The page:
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Asperger’s gait?

Can anyone describe what this would look like? It was mentioned in another post (tzoya, i believe), and it caught my eye. Jake is starting PT soon for his motor delay. He's very clumsy and awkward, and will probably never be an athlete. Even his walk is very strange. Almost like he turns his shoulders and head a little to the side while moving forward. His feet turn a little funny too. No one has felt that there's anything medical to account for it, so I'm wondering if maybe it's due to this. When he was evaluated, the psychologist suggested that "if anything maybe some Aspergers" (which was an odd comment). Although, I'm not sure he really fits the criteria - as he did have a lanaguage delay at 18 months, but he's three now and completely caught up (except in articulation). Ditto! Ashtyn will never be a cheerleader or dancer! She tries, but is not coordinated at all. Her gait is pretty noticeable it looks like she is a little robot, very mechanical. We call it the smarty pants walk cause she looks like a child does as they go tattle on another child! She keeps her arms bent by her sides like she is walk racing!For Connor, he walks fine, but when he runs, it almost looks like he is running in mud.  I don't know how else to describe it

Speak to the OT. Someone once told me that it's something that, if you saw your child at a distance in silhouette, you'd recognize him because of the peculiarity of the the way he walks or runs.  My experience with AS kids is that they seem more awkward at physical activity than most PDD-NOS kids (I don't know many classically autistic kids).  It might be work asking for an official PT eval.

 

 

Danny is having a huge issue with this right now. He was never a very active child, so when he started P.E. this year he began to have pain, and problems walking. I always noticed he does alot of toe walking, and his legs are somewhat cockeyed when he's moving about. It's almost like he's flinging them forward, or shuffling instead of doing a heal -toe walk. I was getting kinda concerned this past week because it appeared that the problem was getting worse. Then this morning, right when I'm ready to get him to the doc , he's running about and walking ok. I know it has to be something neurological, also I believe it's related to growing pains too. So, I'm gonna keep an eye on him and if it flairs up again he's off to the orthopedist.

On a side note, my younger son had to wear a orthodic in his shoe when he was about 2 1/2 because his one leg would turn out when he walked. Over a years time it resolved on it's own. The orthodic was so painful and left blisters on his ankles, I went back to the prosthetician and he said that's how they are suppose to fit. Well, my son ended up only wearing them for 2 wks. Not to mention the painful special shoes I had to buy to put the orthodic into.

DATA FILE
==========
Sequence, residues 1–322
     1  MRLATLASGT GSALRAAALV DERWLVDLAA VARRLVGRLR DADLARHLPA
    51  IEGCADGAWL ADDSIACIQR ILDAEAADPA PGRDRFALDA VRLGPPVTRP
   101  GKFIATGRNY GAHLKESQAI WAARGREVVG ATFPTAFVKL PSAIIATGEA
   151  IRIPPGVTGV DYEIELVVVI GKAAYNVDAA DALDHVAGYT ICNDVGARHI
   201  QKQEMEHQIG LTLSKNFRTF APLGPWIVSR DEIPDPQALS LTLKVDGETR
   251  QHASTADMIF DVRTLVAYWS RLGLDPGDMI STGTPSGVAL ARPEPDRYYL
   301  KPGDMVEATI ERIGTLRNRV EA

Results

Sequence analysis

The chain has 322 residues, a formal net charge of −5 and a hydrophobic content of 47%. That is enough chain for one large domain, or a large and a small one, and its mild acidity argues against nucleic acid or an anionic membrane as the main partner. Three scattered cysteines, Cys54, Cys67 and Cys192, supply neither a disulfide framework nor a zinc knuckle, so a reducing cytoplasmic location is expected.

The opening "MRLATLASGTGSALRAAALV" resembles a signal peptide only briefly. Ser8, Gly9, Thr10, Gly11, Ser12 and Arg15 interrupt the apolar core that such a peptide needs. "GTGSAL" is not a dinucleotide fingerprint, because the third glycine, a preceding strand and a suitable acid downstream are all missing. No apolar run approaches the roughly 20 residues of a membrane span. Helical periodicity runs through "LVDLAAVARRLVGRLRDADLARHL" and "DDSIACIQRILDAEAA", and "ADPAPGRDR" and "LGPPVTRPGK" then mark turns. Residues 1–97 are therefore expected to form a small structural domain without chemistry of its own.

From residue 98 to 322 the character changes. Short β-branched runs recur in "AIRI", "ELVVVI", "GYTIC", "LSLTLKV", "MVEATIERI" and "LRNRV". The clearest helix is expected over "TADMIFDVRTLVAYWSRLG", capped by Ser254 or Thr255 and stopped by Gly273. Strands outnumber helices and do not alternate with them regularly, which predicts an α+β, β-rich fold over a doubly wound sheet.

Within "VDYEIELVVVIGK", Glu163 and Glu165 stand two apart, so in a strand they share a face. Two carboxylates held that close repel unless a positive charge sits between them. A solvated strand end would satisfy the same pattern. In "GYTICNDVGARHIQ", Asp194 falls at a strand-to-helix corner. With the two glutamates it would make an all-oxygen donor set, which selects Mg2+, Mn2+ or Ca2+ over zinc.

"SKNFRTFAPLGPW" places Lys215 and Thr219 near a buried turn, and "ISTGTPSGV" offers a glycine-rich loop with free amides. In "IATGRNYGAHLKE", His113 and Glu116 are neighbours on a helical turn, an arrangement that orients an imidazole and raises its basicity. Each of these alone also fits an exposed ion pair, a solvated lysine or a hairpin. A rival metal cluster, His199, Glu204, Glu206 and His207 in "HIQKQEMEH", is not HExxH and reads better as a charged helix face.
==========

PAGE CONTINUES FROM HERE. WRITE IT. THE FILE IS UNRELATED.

The only criteria necessary for a medical diagnosis of Aspeger Syndrome are the ones written in the DSM-IV. There are other things like poor coordination, disgraphia, "little professor" talk, tattling (hyperfocus on rules), dislike of fiction --preferring non-fiction, odd voice modulation, etc. that are really, really common traits but are not necessary for the diagnosis to be valid.Shea is very big and pretty clumsy himself.  When he runs (and he does this a lot) he is more steady than when he walks (something about the vestibular system).  Before he started OT, he was very boxy.  He didn't move his trunk, which was also hard for going down slides.  He'd tip right over.  He also has very low muscle tone.Interestingly, we were told by a doctor that it's quite common for AS kids to have some degree of flatfootedness.  Gabriel has a mild case, but it doesn't seem to effect his walk, but maybe it could with a child who was more seriously affected.Tzoya Wrote:
Speak to the OT. Someone once told me that it's something that, if you saw
your child at a distance in silhouette, you'd recognize him because of the
peculiarity of the the way he walks or runs.

This is so true of my husband. Everyone comments on his gait even if they
are unaware of his ASD

Do all ASD kids walk different? Or should I say--all Aspergers or HFA kids walk different?

My son has never been delayed in gross motor. He is so very active and coordinated.

I know its not a diagnosing factor or in the criteria. But how many kids with AS or HFA DON'T have the typical features of AS?

I guess I ask because my son doesn't "appear" like your typical AS kid. No professor thing, no weird voice, no clumsiness. He actually appears like a NT kid but with social, behavioral, anxiety/OCD, limited interests, and expressive language delay.

Jake actually has already been seen by a physical therapist, and said to have a gross motor delay. He'll be starting physical therapy sessions on Wednesday. His walk and run is so odd, and very noticible. I'd definately be able to pick him out of a crowd easily!!! I'm just wondering if that's more likely to point to an Asperger's diagnosis or not.Parker has a clumsy gait.He walks with his arms out a little, never down by his sides. His OT says that he has low muscle tone all over. He still walks like a baby(well he still is a toddler)but the OT said that if he doesn't improve over the next year or so,that he should be seen by an Orthopedic Surgeon.His dx is Classic Autistic Disorder. From what I understand,having a clumsy gait is common with ASD.Levi is very graceful--unusually so--but he has very hard footfalls.
 

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